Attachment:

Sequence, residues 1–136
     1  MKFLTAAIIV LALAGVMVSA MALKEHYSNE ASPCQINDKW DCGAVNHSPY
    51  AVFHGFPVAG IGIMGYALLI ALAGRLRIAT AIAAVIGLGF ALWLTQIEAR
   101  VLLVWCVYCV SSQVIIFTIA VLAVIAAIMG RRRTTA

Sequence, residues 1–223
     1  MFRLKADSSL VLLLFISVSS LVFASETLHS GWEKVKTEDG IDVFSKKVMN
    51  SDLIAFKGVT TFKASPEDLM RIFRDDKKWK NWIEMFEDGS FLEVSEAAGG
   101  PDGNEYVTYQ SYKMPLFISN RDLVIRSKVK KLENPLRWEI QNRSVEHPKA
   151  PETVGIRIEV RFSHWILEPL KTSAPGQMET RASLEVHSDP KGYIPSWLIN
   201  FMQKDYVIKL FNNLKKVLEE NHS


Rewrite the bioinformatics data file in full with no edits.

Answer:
Sequence, residues 1–136
     1  MKFLTAAIIV LALAGVMVSA MALKEHYSNE ASPCQINDKW DCGAVNHSPY
    51  AVFHGFPVAG IGIMGYALLI ALAGRLRIAT AIAAVIGLGF ALWLTQIEAR
   101  VLLVWCVYCV SSQVIIFTIA VLAVIAAIMG RRRTTA

Sequence, residues 1–223
     1  MFRLKADSSL VLLLFISVSS LVFASETLHS GWEKVKTEDG IDVFSKKVMN
    51  SDLIAFKGVT TFKASPEDLM RIFRDDKKWK NWIEMFEDGS FLEVSEAAGG
   101  PDGNEYVTYQ SYKMPLFISN RDLVIRSKVK KLENPLRWEI QNRSVEHPKA
   151  PETVGIRIEV RFSHWILEPL KTSAPGQMET RASLEVHSDP KGYIPSWLIN
   201  FMQKDYVIKL FNNLKKVLEE NHS